Video 2: In Vitro Cytotoxicity and Cell Adhesion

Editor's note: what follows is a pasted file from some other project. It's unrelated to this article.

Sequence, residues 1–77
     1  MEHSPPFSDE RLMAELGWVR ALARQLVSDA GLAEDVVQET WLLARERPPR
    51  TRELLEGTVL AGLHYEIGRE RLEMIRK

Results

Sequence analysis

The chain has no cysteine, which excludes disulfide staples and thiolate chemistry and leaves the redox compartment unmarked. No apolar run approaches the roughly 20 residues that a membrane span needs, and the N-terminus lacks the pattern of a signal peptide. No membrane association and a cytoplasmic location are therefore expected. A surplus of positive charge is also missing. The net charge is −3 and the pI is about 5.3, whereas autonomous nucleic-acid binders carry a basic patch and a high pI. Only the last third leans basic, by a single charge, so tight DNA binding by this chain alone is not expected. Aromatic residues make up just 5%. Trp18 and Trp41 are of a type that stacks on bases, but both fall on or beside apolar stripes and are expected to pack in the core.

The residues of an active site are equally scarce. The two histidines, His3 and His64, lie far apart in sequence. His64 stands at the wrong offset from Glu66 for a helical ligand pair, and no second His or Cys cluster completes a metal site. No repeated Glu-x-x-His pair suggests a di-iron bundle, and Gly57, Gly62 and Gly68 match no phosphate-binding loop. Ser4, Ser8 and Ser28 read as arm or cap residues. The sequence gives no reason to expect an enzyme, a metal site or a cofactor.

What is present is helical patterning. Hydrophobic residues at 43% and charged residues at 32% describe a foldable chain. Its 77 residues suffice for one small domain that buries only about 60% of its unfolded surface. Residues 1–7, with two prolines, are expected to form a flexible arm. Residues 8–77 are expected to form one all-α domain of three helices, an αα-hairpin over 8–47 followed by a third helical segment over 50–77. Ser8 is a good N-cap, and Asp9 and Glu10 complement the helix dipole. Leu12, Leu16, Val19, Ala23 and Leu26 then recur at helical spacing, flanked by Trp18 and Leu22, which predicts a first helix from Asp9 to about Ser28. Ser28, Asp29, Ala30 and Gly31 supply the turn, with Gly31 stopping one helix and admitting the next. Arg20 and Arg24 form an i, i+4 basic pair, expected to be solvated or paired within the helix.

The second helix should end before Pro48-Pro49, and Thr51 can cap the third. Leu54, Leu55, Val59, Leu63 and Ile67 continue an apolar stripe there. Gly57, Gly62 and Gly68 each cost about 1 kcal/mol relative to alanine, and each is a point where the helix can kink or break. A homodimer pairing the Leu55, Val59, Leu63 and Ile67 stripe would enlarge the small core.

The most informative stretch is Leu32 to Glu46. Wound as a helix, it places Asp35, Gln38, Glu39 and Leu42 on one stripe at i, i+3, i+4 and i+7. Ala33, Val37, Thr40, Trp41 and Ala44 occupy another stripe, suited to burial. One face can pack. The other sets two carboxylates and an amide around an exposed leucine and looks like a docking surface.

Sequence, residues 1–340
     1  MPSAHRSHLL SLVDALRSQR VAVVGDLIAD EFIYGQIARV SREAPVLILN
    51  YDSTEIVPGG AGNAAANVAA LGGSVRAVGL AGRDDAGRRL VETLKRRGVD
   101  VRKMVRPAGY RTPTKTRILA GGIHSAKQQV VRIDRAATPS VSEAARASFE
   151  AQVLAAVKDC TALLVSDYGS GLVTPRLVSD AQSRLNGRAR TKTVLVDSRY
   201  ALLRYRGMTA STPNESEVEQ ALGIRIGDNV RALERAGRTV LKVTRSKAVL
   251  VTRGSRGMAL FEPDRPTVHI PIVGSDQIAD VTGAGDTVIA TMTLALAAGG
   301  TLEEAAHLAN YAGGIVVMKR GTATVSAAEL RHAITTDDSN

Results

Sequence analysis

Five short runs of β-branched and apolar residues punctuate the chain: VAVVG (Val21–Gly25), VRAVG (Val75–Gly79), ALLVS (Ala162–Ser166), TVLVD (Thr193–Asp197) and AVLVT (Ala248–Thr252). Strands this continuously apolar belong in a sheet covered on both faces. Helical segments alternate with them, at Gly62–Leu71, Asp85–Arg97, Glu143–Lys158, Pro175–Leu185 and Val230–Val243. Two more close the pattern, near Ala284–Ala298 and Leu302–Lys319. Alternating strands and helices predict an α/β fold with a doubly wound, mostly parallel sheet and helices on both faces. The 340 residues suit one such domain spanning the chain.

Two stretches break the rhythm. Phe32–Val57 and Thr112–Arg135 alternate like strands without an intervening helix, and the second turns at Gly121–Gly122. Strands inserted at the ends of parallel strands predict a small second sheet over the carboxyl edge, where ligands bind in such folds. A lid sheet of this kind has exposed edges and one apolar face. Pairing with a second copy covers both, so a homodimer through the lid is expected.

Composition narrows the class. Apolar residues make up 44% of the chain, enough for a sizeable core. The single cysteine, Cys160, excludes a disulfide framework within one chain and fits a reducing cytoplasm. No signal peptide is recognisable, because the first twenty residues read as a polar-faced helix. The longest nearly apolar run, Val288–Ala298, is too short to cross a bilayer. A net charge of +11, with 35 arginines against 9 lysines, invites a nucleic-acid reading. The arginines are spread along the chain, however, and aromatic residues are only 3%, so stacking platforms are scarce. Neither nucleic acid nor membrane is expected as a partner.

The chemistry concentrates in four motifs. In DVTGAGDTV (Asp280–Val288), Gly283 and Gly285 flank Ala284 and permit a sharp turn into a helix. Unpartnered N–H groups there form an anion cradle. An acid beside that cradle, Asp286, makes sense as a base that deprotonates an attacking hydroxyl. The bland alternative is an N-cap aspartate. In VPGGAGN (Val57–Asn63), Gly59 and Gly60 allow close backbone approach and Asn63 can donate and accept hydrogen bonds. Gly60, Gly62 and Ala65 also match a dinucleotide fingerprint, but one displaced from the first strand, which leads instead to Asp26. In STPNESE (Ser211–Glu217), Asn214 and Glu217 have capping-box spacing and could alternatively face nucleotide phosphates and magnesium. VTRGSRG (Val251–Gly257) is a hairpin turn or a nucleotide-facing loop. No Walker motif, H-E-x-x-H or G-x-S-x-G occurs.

So, coming into toxicity so, this is a primary test we will do for all the material, eitherit is a hydrogel, scaffold or nanoparticles, whatever the material.So, we have to check whether it is accepted by the cells or not.So, that can be done based on three different methods; direct contact, indirect contact,elution or extract assay.So, all these variation is based on what is your sample and what type of sample you arehaving.Direct contact is where you have see, so you can see the figure.The first one where you have grown a cells on the tissue culture plate and you put yoursample on the top of it; and check whether it is affecting any of the cells underneathit.So, that can be done for your nanoparticles or not having too much load samples.So, if you are having too much load it can destroy your cells automatically.So, indirect test, which is done using, there would be agar layer on the top of the cellsand your sample would be there.In that, which if your sample is leaching out some compounds or some erosion or someother drugs are releasing from the material, then that can leach out and affect the cellsunderneath it so, that is indirect contact.So, indirect contact can be done based on, how it is interacting with the cells also.So, as you can see in the right hand side top figures, where first you grow the cellson a filter membrane, so then after the cells are adhered on to the surfaces and all thenyou invert it and then you will put the sample on the top.So, your sample is not exactly in contact with the cells, but the leachate of your samplewould be going into the cells and whether if it has any effect, it will kill the cellsor if it promotes the cells, it will have that effect.So, extraction or elusion assays are used for soft materials, where you can keep thatmaterial in a media for 24 hours or 48 hours based on your application, then you have toextract the media.If there is a leach out from these compounds, you can take that media and culture it inthat with the cells or with the indirect test method.So, you have the cells, you have the extracts extracted media that, whether that leachatehas any effect and all you can test it.So, all these things are based on the sample size and how effective the leachate is comingout of the sample and all.So, if there is no leachate coming out of the sample, it will not have any effect andall.So, for that you can move on to the next one of test which is involved, which is whichinvolves a cell adhesion and proliferation.So, all these steps, all these experiments can be done for those assays also where, youkeep your sample at first then you seed the cells on top of them.So, at this one, toxicity measures how much of your material is toxic and all.So, if you found out that material is not toxic, not causing any effect, for all theseassays and all then you can go for cell adhesion.So, whether your material is promoting cell adhesion and all because, cell adhesion isvery important when you are integrating your material with the host system and all.So, for that you will have the sample at the bottom and the cells would be seeded at thetop of the material.And if over the period of time, if the cells are having adhered, adhesion property basedon your material surface and all that can be estimated also.So, for all the assays while involving biological characterization, control is very important;you should have a positive control and negative control.Negative control as such there would be a standard material.So, if you are testing orthopedic implants and all there would be a standard material,stainless steel, stainless steel would be there.So, you have to test that material for cytotoxicity.So, the negative control will not have any effect on the cells and all, there would bea positive control also.So, the positive control will have a maximum effect, maximum killing effect on their cellsand all.So, based on those only, you can within that range only you can decide whether your materialis cytotoxic or not.So, usually according to literature, if your material causes below, below 70 percentagedecrease in cell, cell viability then that material is not suitable for the biologicalapplication and all.So, now we saw how the experiment to identify your material is toxic or not.So, how exactly you identify that thing?So, that can be done by qualitative and quantitative.Qualitative involves you observe them visually using microscope, so you can use a normaldye like trypan blue or calcein-AM and propidium iodide.So, calcein-AM will go inside the cells and it will bind with the cyto cytoskeleton andit will give a green fluorescence; and propidium iodide which will go and bind to the nucleusand it will give a red colour.So, if there is a cell death and all, you can use these stains and identify whetherthe cells are alive or dead, you can observe them under the fluorescence microscope andall.so that is a qualitative test.And quantitative test, there are a lot of assays are there.So, these are the commonly used one.So, MTT, XTT and MTS so, all these are tetrazolium salts.So, what it does is, so using electron receptor it will convert into formazan.So, so the formazan will give a different colour, in MTT what happens is, it will goinside the cells and mitochondrial dehydrogenase, it will reduce the MTT and it will form aformazan crystals.So, in MTT it is a final step of the reaction, where you will kill off all the cells andall.But in XTT, MTS and alamar blue and all cells would be alive because, in MTT the formazanformed is, the formazan crystal formed is inside the cells.So, you have to estimate how much of the quantity of formazan has been formed and all.So, you have to rupture the cells and dissolve them using a solubilizing agent like DMSOand all to check the absorbance of the formazan crystals formed.Whereas, in XTT and MTS, which are water soluble tetrazolium salts.So it happens outside that cells itself with the help of phenazine methosulfate, PMS, itinvolves a plasma membrane electron transport, which converts these tetrazolium salts intoformazan dye.And without rupturing the cells, you can directly dissolve it in a culture media or the bufferand check the formazan, amount of formazan crystals formed and all.That formazan formed is not insoluble.In MTT.No in XTT and MTS.No it is water soluble.So, can you use the same cells again for some other experiment?Yeah.You can wash those cells and you can observe it for, but if you keep on repeating that,the cells will obviously die.So, you can immediately takeout and you can use that.So, next to that is alamar blue assay which involves resazurin dye.So, this dye involves a cytoplasmic redox reaction, so it goes into the cells and dueto redox reaction it will convert into resorufin which will give a pink colour.So, compared to these above three methods, this is a highly sensitive method where youcan estimate even a very small amount of cells also.And it has another advantage that it has a fluorescent, fluorescence property also.So, you can using fluorescence spectrophotometer, you can calculate even a minor change in thecell quantity also.So, for all these things there would be a control.So, where you do not treat your cells with any of your samples and all and there wouldbe another control where there will not be any cells.But, whatever the material you are using will, will be in the media also because, those controlsare very important, because all this involved colorimetric assays.So, if you are material is changing the media pH or any other color adding colorimetricvalue to the system then, the results obtained can be of a false positive.So, to avoid that, we should always have the control in all of the assays and all.So, these are the methods for cytotoxicity.So, after cytotoxicity, if your material is not toxic you can go for the cell adhesionand all.So, cell adhesion its involves the same list of procedures itself, where you can put yoursample underneath the cells before seeding.So, in cytotoxicity what you do is, you seed the cells, you grow them, you make them forall these animal cell lines it has to have a substrate to attach on to the attach attachmentsshould be there.So, you have a tissue culture plate, your cells would be properly spread on that tissueculture plate and then you put on your material, if it is causing toxicity that would be observed.In cell viability or the cell adhesion assay what you do is, you put your material andthen you seed the cells on to the material surface, material means any flat surface materialor scaffold and all.So, if based on your surface properties whether it is a hydrophilic, or it has any receptor,ligand for the cell receptors and all based on that, the cells will attach and you canestimate the amount of cells attached on to the material you are having.So, coming into cell motility and cell migration assay; so, these are next stage of characterizationwhere, it is predominantly used in wound healing application.So, in wound healing application, what you have is there would be a wound separatingtwo different tissues, so you same tissue so, you have to join them.So, that can be done using this scratch assay.So, you have a material you seed the cells on to the material and you scratch them andwhatever your compound which will enhance the healing property and all.So, you put that compound and check whether how the wound is getting closed.So, as you can see in the figures, so the left side one is control and the right sideone is treated samples.So, they first grown cultures then, they using a small tip or spatula they create the wound.So, in the left hand side there will not be any treatment at all.In the right hand side they have used the Annona squamosa extract, which is a extractof custard apple leaves.So, they have used it and, as you can see the wound has been closed within two daysand all.So, it has a wound healing property.So, by this you can identify how much of, how fast your wound can be healed using adifferent concentration of compound and, different composition of the compound and all.What are those HDF?So, HDF is Human Dermal Fibroblasts.So, it is a skin cells, so dermal fibroblasts.So, whatever the material you are using, if it is non-toxic to one type of cell does notmean it is a non-toxic to all types of cells.So, each cell has a different property and different mechanism.So, based on the application, if you are going for the bone application and all you haveto check with the osteoblast cells and if you are going for the vascular application,you have to check with the endothelial cells.And if you are going for a wound healing application, you have to check with fibroblasts cells andall.So, each cells has a different attachment property and different effect on materialsurfaces and all, so that you have to always think.